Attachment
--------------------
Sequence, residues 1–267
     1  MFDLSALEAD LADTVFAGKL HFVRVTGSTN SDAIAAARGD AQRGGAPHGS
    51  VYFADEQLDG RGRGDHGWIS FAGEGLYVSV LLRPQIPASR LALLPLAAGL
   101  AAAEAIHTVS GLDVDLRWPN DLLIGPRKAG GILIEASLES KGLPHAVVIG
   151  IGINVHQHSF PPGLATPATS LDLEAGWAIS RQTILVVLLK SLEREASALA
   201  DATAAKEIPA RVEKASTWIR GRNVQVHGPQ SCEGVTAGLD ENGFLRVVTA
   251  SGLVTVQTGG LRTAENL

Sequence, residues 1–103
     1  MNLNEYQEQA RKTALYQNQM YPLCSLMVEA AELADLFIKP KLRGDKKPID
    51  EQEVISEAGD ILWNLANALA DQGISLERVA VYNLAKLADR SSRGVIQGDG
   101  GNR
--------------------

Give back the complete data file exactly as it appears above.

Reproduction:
Sequence, residues 1–267
     1  MFDLSALEAD LADTVFAGKL HFVRVTGSTN SDAIAAARGD AQRGGAPHGS
    51  VYFADEQLDG RGRGDHGWIS FAGEGLYVSV LLRPQIPASR LALLPLAAGL
   101  AAAEAIHTVS GLDVDLRWPN DLLIGPRKAG GILIEASLES KGLPHAVVIG
   151  IGINVHQHSF PPGLATPATS LDLEAGWAIS RQTILVVLLK SLEREASALA
   201  DATAAKEIPA RVEKASTWIR GRNVQVHGPQ SCEGVTAGLD ENGFLRVVTA
   251  SGLVTVQTGG LRTAENL

Sequence, residues 1–103
     1  MNLNEYQEQA RKTALYQNQM YPLCSLMVEA AELADLFIKP KLRGDKKPID
    51  EQEVISEAGD ILWNLANALA DQGISLERVA VYNLAKLADR SSRGVIQGDG
   101  GNR